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Why are British English and American English so different?

Discussion in 'Literature' started by Estro Felino, Dec 5, 2018.

  1. Tambourine

    Tambourine Well-Known Member

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    Touchy subject, is it?
     
  2. Jainarayan

    Jainarayan ॐ नमो भगवते वासुदेवाय
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    Only when someone doesn’t know what they’re talking about, trying to show they know something and disparages someone else’s religious traditions.

    Shubhamastu kalyanamastu ca.
     
  3. Stevicus

    Stevicus Veteran Member
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    One entry in that list I found interesting was that the British use the phrase "knock up" to mean "awaken someone."

    In American slang, "knock up" has a completely different connotation.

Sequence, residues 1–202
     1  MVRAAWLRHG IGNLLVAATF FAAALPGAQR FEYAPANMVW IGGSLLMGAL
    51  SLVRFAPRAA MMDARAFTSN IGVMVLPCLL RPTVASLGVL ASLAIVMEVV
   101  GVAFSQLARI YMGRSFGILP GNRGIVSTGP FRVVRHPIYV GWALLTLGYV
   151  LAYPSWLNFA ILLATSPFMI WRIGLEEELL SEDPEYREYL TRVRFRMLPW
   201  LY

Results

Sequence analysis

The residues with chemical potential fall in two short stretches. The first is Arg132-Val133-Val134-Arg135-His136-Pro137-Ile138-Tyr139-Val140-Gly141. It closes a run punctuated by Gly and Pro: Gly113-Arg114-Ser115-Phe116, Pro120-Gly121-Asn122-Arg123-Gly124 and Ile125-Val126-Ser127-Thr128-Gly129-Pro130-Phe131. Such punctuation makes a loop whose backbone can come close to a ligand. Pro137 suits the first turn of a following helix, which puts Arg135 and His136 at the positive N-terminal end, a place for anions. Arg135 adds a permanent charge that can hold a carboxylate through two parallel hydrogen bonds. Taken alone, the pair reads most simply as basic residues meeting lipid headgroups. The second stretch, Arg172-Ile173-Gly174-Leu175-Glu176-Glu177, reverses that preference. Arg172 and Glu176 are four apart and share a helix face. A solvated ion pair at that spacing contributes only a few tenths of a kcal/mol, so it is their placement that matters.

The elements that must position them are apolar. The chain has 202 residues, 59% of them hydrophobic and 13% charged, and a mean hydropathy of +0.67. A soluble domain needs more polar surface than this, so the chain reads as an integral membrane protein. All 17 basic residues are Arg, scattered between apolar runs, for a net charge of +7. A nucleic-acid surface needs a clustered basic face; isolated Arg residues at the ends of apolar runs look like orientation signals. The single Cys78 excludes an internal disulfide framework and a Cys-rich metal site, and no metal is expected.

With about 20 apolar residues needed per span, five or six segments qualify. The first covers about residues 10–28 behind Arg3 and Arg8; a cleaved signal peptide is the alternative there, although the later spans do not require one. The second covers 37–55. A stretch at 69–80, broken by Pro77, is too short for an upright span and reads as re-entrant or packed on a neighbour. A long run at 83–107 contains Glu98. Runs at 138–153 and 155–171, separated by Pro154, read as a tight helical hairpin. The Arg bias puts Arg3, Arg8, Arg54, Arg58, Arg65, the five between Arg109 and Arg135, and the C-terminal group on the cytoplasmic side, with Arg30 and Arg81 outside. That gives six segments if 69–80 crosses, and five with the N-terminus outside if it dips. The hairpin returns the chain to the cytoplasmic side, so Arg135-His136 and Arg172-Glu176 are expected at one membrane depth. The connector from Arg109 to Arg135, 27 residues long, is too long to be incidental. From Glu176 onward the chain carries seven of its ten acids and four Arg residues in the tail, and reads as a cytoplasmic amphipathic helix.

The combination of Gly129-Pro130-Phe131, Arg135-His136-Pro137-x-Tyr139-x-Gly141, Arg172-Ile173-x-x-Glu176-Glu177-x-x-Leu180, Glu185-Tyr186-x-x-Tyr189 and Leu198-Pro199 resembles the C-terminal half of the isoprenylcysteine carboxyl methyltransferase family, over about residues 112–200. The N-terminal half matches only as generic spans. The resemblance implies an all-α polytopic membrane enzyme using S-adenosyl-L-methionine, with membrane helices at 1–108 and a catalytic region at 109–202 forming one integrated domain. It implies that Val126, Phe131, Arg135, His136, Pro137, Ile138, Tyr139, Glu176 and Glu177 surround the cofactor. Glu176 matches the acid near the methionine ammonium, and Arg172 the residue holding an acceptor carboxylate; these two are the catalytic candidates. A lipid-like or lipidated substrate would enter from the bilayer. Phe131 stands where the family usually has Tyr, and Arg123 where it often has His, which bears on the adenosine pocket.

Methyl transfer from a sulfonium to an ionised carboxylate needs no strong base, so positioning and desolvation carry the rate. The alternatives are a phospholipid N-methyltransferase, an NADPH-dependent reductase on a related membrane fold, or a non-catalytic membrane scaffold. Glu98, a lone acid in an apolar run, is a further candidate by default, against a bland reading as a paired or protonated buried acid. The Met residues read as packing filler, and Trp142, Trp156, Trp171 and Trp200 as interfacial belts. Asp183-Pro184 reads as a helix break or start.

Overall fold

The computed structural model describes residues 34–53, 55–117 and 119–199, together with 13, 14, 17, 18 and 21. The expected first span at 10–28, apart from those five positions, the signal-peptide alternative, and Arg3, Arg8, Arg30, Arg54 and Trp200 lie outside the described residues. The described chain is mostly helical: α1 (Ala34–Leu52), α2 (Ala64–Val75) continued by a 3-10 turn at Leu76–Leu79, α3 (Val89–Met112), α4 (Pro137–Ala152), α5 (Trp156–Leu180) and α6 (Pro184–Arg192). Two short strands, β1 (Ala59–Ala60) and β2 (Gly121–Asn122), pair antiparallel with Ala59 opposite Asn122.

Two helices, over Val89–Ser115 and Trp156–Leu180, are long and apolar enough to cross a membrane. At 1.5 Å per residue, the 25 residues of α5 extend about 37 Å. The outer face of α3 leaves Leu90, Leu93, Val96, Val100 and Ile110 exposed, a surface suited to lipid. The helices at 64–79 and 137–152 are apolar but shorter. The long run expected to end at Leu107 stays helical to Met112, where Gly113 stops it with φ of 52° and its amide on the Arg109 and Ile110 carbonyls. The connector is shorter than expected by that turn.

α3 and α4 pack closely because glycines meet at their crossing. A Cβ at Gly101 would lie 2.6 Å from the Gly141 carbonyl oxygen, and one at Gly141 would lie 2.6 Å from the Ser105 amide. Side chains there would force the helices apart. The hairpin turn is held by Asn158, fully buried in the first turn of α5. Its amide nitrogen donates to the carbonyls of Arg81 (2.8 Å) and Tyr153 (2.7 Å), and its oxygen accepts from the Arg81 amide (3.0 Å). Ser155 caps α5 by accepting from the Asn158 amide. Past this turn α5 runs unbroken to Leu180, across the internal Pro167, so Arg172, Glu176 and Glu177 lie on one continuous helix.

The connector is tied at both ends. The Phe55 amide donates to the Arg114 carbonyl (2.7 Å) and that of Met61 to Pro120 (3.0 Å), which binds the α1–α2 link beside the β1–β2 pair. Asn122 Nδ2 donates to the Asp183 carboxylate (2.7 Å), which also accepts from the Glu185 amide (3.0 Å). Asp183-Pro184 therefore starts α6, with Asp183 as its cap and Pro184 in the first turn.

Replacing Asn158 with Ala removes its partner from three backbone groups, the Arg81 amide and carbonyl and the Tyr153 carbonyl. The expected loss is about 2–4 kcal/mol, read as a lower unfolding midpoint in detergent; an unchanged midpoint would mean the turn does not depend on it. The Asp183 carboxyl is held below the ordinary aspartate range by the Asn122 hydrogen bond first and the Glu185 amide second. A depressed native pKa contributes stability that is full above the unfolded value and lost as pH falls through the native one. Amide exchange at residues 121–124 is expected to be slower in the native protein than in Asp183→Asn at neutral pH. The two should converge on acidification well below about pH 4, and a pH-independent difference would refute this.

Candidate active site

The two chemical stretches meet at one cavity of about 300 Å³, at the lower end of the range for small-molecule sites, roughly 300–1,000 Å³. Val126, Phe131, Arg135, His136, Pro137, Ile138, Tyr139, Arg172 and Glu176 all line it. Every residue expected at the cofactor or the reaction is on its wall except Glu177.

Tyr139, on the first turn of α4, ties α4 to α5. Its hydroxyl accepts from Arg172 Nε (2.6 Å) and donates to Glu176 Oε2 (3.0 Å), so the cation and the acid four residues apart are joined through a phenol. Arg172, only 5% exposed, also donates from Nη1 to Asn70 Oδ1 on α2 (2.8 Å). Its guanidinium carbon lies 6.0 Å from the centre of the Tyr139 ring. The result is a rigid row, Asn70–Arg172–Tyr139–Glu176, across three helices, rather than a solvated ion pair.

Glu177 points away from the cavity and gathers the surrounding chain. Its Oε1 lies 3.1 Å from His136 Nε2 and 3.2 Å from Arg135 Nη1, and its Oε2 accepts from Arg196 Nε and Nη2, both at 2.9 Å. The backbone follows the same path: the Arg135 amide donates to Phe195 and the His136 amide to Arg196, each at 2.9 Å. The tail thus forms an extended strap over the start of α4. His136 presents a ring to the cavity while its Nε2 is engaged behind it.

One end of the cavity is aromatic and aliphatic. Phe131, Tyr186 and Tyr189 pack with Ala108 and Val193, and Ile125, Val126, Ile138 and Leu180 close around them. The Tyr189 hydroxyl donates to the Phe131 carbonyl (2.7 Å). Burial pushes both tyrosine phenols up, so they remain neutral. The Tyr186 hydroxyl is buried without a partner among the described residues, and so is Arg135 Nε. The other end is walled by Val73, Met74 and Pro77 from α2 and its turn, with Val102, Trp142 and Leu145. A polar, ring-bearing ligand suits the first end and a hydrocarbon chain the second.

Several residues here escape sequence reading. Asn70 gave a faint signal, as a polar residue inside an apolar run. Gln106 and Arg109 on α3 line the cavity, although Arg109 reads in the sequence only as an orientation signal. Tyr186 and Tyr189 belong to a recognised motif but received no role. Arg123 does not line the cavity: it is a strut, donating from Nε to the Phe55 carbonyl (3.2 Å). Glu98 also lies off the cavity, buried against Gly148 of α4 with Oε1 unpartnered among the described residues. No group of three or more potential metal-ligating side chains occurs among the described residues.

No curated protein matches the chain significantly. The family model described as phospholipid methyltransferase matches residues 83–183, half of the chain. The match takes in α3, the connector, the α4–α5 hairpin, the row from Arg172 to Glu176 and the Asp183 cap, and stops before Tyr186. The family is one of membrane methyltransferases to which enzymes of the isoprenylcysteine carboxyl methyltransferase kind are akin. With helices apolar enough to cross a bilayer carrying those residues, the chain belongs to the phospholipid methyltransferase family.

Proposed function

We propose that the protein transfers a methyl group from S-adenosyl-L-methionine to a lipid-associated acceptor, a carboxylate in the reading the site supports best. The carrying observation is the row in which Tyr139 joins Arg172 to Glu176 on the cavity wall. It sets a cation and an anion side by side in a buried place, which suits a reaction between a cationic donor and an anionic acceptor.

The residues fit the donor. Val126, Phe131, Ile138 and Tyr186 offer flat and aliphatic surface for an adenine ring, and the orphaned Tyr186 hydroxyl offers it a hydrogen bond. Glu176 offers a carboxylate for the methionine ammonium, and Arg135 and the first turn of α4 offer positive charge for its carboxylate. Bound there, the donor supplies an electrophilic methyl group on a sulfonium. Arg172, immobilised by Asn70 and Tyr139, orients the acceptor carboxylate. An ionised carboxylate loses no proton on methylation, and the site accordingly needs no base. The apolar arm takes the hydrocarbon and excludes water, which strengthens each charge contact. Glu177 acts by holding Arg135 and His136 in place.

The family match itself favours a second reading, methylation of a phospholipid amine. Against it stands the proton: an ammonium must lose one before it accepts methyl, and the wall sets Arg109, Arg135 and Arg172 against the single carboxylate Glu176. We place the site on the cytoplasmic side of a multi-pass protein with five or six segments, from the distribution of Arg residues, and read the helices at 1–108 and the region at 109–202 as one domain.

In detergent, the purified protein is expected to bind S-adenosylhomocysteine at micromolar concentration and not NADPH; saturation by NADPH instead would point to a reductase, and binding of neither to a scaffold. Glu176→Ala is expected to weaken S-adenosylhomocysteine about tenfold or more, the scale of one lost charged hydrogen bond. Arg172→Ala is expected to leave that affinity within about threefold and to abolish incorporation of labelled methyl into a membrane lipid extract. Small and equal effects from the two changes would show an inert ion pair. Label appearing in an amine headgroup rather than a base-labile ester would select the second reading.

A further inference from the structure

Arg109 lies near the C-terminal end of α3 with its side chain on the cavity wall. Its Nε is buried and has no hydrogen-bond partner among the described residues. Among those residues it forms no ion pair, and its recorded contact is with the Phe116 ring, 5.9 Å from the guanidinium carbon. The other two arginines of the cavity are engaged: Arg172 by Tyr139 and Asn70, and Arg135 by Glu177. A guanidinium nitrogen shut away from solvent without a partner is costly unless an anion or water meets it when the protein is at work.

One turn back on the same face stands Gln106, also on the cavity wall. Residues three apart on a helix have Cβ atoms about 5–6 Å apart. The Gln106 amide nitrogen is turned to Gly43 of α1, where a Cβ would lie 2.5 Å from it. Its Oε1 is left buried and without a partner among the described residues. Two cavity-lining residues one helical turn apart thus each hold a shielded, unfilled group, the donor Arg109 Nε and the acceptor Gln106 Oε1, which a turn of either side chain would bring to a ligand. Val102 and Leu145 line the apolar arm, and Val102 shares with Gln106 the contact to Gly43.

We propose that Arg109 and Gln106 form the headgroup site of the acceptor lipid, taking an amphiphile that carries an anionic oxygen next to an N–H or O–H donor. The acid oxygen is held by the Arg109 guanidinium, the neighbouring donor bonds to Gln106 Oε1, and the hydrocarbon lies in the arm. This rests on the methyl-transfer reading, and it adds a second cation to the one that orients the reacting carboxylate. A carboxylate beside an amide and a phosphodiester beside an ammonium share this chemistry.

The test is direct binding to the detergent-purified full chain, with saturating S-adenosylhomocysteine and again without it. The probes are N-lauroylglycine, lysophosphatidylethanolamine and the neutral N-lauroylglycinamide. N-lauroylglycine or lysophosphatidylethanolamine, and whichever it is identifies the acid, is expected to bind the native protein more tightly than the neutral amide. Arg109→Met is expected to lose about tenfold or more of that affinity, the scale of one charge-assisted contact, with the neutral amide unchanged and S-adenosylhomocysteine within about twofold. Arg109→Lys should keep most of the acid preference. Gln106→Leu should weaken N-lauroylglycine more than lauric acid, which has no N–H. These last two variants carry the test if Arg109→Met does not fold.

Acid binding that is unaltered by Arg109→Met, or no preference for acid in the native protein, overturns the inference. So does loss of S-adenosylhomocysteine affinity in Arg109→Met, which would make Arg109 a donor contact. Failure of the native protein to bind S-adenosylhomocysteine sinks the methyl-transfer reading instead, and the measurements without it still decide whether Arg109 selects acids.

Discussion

Some of it seems a bit off. We use "chest of drawers" in America; it's more common than "bureau," which is what they say the American term is. There seems to be a few other questionable entries on this list.
     
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  4. Tambourine

    Tambourine Well-Known Member

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    Is it important to your religious tradition that modern people sound exactly the same as people from 2000 years ago?
     
  5. Estro Felino

    Estro Felino Believer in free will
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    Not to mention what queer means ...in AE and in BE...:p
     
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  6. Secret Chief

    Secret Chief Meghalayan Ape

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    I agree. Probably shows how quickly some things can changed. "Knocked up" also means got pregnant in the UK (assuming that was your allusion).
     
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  7. Wandering Monk

    Wandering Monk Well-Known Member

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    Two nations divided by a common language.
     
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  8. Jainarayan

    Jainarayan ॐ नमो भगवते वासुदेवाय
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    Yes, it is extremely important.